UPS promised new delivery vans with AC. It hasn’t bought any

Charly Triballeau/AFP/Getty Images

This was supposed to be the year that air conditioning came to UPS delivery vans. It hasn’t worked out that way.

Despite a promise in the contract reached with the Teamsters union last year, UPS has not yet purchased any new vans with AC, even as temperatures soar across the country and the dangers of extreme heat put workers in harms way in and out of doors.

Almost none of the nearly 100,000 brown package vans have AC. Temperatures inside the trucks, both the cab and especially the cargo space where drivers need to go to fetch and drop off packages, can regularly get well over 120 degrees, according to the Teamsters union, which represents more than 300,000 UPS employees.

The union’s demand for relief from the heat for its nearly 100,000 members working as delivery drivers was a major sticking point in contract negotiations last year between the union and the package delivery giant. It was far more than an issue of comfort; it was a worker safety issue, according to the union. Drivers have been known to suffer heatstroke, with some coming close to death, while on the job in the vans.

And as part of the contract reached in late July of last year, UPS agreed that all vans purchased after January 1 would include air conditioning.

UPS also agreed to retrofit existing vans with fans in the cab, heat shields under the cargo area and what are known as “scoop air intakes” in the cargo area. The fans have been installed in all the vans, UPS said. About two thirds have been retrofitted with the heat shields and air scoops, reducing the temperature in the rear cargo by about 17 degrees on average, according to the company.

But there have been no vans purchased this year, so no additional AC vans are on the roads. The company said van purchase decisions are based on package volume and the need to replace existing fleet, and there has been no need to make purchases so far.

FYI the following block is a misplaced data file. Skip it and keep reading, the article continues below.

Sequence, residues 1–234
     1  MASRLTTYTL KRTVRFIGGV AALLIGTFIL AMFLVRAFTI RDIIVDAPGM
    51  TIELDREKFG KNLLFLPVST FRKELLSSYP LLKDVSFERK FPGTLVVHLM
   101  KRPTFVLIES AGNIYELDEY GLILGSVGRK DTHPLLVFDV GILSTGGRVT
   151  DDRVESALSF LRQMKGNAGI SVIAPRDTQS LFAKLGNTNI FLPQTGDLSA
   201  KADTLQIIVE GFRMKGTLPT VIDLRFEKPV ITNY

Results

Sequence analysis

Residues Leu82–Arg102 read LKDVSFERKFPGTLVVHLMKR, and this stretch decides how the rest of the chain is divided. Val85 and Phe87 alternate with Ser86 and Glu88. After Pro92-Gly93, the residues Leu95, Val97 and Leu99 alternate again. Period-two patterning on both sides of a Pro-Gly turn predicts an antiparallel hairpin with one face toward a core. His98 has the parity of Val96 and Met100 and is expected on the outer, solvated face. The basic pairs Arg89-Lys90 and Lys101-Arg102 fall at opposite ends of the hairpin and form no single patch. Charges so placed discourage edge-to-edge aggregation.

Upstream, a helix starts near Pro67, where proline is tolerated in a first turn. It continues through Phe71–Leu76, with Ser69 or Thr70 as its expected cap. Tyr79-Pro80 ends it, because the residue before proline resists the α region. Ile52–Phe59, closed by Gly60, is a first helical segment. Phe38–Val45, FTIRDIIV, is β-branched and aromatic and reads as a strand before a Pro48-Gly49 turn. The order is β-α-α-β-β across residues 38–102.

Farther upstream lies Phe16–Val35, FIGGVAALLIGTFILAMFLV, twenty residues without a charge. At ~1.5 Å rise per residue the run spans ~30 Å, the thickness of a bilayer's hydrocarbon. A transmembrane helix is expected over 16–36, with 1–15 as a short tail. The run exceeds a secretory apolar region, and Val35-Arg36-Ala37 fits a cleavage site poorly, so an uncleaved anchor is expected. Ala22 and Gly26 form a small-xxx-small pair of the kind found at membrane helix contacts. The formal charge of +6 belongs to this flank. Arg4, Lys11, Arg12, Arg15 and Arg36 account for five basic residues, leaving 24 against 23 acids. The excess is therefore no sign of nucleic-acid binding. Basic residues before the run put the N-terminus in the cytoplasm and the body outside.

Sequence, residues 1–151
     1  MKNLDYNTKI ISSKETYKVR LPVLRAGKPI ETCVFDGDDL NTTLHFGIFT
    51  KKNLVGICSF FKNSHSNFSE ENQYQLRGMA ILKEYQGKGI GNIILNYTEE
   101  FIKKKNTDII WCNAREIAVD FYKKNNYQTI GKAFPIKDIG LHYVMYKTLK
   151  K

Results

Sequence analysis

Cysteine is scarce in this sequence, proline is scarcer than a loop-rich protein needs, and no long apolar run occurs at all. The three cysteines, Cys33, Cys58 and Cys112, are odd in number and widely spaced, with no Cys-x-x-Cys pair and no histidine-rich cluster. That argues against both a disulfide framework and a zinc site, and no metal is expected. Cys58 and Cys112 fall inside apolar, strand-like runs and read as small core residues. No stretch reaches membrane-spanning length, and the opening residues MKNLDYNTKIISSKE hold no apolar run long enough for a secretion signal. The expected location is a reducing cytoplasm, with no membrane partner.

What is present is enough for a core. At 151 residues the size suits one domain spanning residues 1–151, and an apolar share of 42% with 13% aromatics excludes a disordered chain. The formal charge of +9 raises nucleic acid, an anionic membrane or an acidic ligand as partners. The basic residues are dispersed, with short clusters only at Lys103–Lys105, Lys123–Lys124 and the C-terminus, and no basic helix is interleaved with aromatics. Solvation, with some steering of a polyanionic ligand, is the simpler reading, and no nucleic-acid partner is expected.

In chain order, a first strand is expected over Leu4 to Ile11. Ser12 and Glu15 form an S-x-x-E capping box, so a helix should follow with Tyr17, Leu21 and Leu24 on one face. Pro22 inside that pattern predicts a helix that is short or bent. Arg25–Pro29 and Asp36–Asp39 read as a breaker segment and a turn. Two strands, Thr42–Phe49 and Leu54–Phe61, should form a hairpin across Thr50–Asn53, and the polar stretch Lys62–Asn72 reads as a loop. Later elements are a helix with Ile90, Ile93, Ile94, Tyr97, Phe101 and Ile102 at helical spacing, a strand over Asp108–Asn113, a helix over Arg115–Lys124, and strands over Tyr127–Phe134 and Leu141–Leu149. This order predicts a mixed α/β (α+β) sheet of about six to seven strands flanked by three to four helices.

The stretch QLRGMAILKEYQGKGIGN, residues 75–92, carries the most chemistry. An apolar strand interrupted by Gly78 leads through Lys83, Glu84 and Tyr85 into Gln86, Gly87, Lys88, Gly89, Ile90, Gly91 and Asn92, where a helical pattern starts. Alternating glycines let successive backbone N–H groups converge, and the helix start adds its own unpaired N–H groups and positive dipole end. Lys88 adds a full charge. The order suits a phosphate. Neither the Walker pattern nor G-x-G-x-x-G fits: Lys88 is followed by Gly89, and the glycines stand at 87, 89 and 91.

The Teamsters are not pleased by the lack of progress on the AC.

“We are midway into the summer, and frankly UPS is not moving fast enough,” said the union in a statement to CNN. “We are aware that UPS has installed all contractually required second fans, and UPS is ahead of schedule in the installation of heat shields and air induction scoops for package compartment ventilation. But it’s not enough.”

There are a small number of vans – in the hundreds – that have AC. Those are electric vans, or specialized vans for rural area that can go on gravel roads, UPS said. But they make up only a small fraction of the 94,000 UPS package vans on American roads.

The number of vans with AC was bound to grow slowly. Some vans can last for more than 15 years. Retrofitting the existing fleet was going to bring more immediate relief.

UPS told CNN it is very concerned with workers’ safety and that AC was never going to be key to its heat mitigation efforts. In addition to the heat shield and air scoops, it has installed an additional 1,500 ice machines and 1,700 water fountains in its facilities.

It said it also provided specialized cooling gear for UPS drivers and inside staff to wear, as well as water jugs for drivers. And for inside workers it has installed additional fans in its buildings and will install more.

But AC is still a rarity in the UPS vans on the road.

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